I have it and use it regularly in various ways. Although some use if for thickening, I haven't had too much finding the right amounts for it as a thickener. Invariably I get stuff too thick. But I have developed a great "dumpling" with it that has been very popular over the low-carb arena. Many really talented cooks have played around with that recipe and come up with some incredible stuff! I use small amounts of it in breads, cakes and muffin recipes as a texture enhancer and volumizer. Here's the dumpling recipe, and no, the amounts are NOT incorrect. Makes 12
3/4 tsp. baking powder
1½ T. glucomannan powder (Konjac powder)
1½ T. oat fiber (For gluten-free version, try substituting oat flour ground from 100% gluten-free oats, but I’m not making any promises that will work. It SHOULD, however. Carbs will be only slightly higher.)
1/8 tsp. salt
¼ c. +2 T. water
1 extra large or jumbo egg, beaten
VARIATION: Add 1-2 T. finely chopped parsley to the dry ingredients
DIRECTIONS: Beat the egg in a small bowl with a fork. Add the water and beat until well blended. On a paper plate or in another bowl, mix the dry ingredients well. Slowly sprinkle the dry ingredients into the wet, stirring with a fork or whisk. Switching to a rubber spatula, stir and begin to fold the slowly thickening mixture over and over itself until it is a contiguous batter and eventually turns into a thick, almost dry dough. I let mine sit by the stove 2-3 minutes. Then, using a teaspoon, dip 3/4″-1″ dollops of the dough into your palm. This step is important: roll them gently in your palms into a ball shape. I set the balls on my counter or a silicone sheet until all are made. If you just drop them directly into the broth from the spoon without rolling, they tend to fall apart in the broth during cooking. Or using your hands, roll the dough into ropes on plastic wrap and cut into short lengths for gnocchi, if that’s your pleasure.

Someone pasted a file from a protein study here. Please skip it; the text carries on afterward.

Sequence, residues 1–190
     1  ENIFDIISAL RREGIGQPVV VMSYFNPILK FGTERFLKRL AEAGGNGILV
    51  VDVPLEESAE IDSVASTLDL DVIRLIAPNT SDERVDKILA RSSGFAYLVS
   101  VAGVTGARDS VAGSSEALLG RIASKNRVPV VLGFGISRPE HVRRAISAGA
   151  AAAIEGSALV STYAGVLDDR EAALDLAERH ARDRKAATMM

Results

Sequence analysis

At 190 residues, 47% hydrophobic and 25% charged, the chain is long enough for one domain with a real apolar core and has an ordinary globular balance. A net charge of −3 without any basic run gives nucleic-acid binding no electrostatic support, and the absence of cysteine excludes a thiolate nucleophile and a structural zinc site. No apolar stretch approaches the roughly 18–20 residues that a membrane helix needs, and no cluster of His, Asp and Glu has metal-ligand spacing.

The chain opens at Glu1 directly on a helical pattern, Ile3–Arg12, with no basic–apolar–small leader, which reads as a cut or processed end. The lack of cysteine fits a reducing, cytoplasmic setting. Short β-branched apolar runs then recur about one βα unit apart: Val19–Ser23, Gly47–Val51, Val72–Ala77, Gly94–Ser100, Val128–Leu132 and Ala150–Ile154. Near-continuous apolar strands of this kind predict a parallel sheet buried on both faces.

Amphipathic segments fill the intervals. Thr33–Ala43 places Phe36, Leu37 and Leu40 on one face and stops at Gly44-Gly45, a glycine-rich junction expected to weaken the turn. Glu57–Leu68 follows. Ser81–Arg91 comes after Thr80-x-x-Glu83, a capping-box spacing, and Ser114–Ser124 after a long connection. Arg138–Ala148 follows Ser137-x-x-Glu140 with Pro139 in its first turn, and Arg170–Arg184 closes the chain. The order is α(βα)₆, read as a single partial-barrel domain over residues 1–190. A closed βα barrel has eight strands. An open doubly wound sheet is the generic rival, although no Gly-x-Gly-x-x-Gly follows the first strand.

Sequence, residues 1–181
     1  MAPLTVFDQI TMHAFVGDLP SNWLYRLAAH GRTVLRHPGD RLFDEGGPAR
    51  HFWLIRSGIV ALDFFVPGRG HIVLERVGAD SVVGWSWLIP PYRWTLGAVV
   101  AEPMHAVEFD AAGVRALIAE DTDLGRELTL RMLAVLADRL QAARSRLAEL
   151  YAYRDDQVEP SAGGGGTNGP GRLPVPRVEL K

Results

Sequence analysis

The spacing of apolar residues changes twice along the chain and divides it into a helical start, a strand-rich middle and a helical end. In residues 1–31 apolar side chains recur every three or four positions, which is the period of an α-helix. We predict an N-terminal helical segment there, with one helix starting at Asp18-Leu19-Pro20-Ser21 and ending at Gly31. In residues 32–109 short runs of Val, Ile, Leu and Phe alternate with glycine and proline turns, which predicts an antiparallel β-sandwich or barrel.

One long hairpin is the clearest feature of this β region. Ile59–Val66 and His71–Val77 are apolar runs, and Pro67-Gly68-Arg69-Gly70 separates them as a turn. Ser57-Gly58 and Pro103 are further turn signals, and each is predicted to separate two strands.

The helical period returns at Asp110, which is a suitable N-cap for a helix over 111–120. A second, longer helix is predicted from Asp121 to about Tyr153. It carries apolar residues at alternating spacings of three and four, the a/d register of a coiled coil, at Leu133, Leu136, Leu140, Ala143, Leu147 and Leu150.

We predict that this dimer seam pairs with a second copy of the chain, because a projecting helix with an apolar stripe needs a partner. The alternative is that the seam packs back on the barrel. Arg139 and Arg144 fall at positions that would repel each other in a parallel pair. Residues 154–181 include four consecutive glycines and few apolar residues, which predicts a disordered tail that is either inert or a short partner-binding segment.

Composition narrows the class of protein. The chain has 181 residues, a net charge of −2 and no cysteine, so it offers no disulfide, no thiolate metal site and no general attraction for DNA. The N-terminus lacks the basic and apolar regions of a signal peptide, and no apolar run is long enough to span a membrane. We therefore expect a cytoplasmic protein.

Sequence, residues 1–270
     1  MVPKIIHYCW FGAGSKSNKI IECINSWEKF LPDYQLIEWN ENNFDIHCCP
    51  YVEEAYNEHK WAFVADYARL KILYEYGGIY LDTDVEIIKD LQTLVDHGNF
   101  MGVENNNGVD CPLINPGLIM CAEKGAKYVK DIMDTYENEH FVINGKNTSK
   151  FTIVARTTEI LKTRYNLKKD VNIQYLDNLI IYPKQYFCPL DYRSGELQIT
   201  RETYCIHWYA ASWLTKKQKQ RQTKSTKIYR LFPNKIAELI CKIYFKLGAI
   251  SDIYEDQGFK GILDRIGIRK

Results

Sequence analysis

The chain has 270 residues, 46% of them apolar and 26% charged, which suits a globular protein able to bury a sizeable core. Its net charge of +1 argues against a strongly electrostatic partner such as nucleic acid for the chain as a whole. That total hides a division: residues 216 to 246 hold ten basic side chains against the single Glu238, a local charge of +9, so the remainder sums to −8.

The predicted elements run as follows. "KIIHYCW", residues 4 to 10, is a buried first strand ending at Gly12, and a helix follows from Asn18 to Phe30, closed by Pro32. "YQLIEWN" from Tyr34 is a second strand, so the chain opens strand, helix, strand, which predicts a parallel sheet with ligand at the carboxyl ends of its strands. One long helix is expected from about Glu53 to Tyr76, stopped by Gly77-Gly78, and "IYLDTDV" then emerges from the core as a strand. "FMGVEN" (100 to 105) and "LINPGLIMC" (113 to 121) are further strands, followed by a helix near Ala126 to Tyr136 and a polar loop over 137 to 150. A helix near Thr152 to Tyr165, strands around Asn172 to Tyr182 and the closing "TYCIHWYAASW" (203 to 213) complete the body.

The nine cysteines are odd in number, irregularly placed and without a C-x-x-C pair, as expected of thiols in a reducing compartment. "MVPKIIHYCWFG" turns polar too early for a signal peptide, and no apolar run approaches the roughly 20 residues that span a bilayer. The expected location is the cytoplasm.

Have your soup/broth boiling. Drop the round dumplings/gnocchi into broth and immediately turn fire medium-low so it will only gently simmer. This is IMPORTANT, as you don’t want to “rough up” these delicate babies. Cover with tight lid. From the time you cover the pot, set timer for exactly 10 minutes for dumplings (8 minutes for smaller gnocchi). I like to remove chicken, meat or large chunks of vegetables to a platter while the dumplings are simmering to allow ample room for the dumplings to rise and swell up. DO NOT LIFT THE LID or disturb the pot during cooking. After 10 minutes (8 minutes for gnocchi), lift the lid and VOILA!! They’re done! You may have to thicken the stock further depending on your personal preference, but the dumplings themselves usually take care of thickening, as some of the glucomannan in then sloughs off into the broth, thickening it right up.
NUTRITIONAL INFO: Makes 12 medium-large 1½” dumplings (24 gnocchi), each contains: (halve the numbers for each gnocchi)
7.17 calories, 0.49 g fat, 1.38 g carbs, 1.29 g fiber, 0.1 g NET CARBS, 0.61 g protein, 55 mg sodium
and here's a link to the photo: https://buttoni.wordpress.com/2018/...inal-dumplings/